by Edwin John Moorhouse Marr
My first introduction to George Eliot was not an altogether agreeable one. I had to read Adam Bede as part of my undergraduate degree, and I found it symptomatic of all the weaknesses of the Victorian novel. It was long and dull and lavished unnecessary descriptions, it wallowed in sentimentality, and I thought that the characters were overly moralistic and pious. It certainly succeeded in putting me off reading another Eliot novel for a considerable time. Then once again Eliot cropped up on the reading lists, this time for my MA in the form of Middlemarch. I stared at the book in its enormity, and dreaded 800 pages of further sentimentalising, piety and endless descriptions of gateposts. It took up until Dorothea’s heart wrenching arrival into Rome to realise I had been catastrophically wrong. Middlemarch, with its sympathetic representations of humanity and its appeal, not for grand empty posturing, but for real, achievable acts of benevolence, spoke to me directly, and represented a philosophy to aspire towards. Thus started a strange sort of love affair with George Eliot, and I quickly read Daniel Deronda, followed by the bizarre and supernatural The Lifted Veil. Next came her tale of forgiveness and second chances, Silas Marner. I then turned to the story I found most heart breaking of all, The Mill on the Floss, where I can still hear Maggie calling out her brother on his hypocrisies and crying out to a world that never finds her good enough. I then read Scenes of Clerical Life; with its bold themes of alcoholism and domestic violence, I realised why this collection of three stories launched Eliot onto the literary scene. I am still to read her Renaissance novel Romola, which has sadly been put onto something of the backburner by PhD reading lists.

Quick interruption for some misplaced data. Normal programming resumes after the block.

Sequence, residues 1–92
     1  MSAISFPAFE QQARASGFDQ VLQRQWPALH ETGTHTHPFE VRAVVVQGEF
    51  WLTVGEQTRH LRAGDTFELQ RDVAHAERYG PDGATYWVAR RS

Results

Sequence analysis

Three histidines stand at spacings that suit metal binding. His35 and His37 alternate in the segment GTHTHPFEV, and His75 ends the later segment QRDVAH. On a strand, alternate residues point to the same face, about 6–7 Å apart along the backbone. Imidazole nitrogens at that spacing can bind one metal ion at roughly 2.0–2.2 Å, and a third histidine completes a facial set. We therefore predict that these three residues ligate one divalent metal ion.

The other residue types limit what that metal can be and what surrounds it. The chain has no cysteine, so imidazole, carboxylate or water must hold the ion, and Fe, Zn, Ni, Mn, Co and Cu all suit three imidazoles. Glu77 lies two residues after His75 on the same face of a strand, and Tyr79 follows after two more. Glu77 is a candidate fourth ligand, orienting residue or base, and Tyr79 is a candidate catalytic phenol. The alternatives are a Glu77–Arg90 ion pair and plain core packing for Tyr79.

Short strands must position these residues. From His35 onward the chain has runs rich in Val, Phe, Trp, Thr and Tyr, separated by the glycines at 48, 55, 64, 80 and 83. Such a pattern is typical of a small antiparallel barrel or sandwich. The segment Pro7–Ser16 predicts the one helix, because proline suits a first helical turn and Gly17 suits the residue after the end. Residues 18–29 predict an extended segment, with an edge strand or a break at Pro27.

Having fallen so quickly and rapidly in love with George Eliot, the next step for me was to go on the Eliot trail. I have always been fond of literary pilgrimages of authors I’ve admired, whether to the Brontë Parsonage in Haworth, Dickens’ house in London, or Sylvia Plath’s grave in Heptonstall. But going on the Eliot trail is a rather more difficult affair. For a start, there is no dedicated museum to Eliot, nor is there a preserved house in the way there is for Gaskell, Dickens or the Carlyles. In the summer of last year, I made a start by visiting Eliot’s grave at Highgate Cemetery. A stone needle, Eliot’s grave stands tall amongst the other headstones, with ‘Mary Ann Cross’ written underneath her literary pseudonym, a reminder of both the woman behind the novelist and her short and rather unexpected marriage to the banker John Cross. The true love of Eliot’s life and husband in all but deed, George Henry Lewes is also buried at Highgate, but he is not deemed important enough to be listed on the map given out at the entrance with the £4 admittance fee. After asking, it turns out that Lewes is buried behind Eliot in a small grave covered over with ivy and looking rather the worse for wear. He is lurking in the shadows, just as he was in life, offering Eliot his support behind the scenes, whether through encouraging her to publish books she didn’t feel were good enough or hiding unsavoury reviews. Eliot and Lewes were ever two sides of an ideal partnership, and even though Eliot may have taken the name ‘Cross’ at the time of her death, it is still Lewes who is standing behind her in death.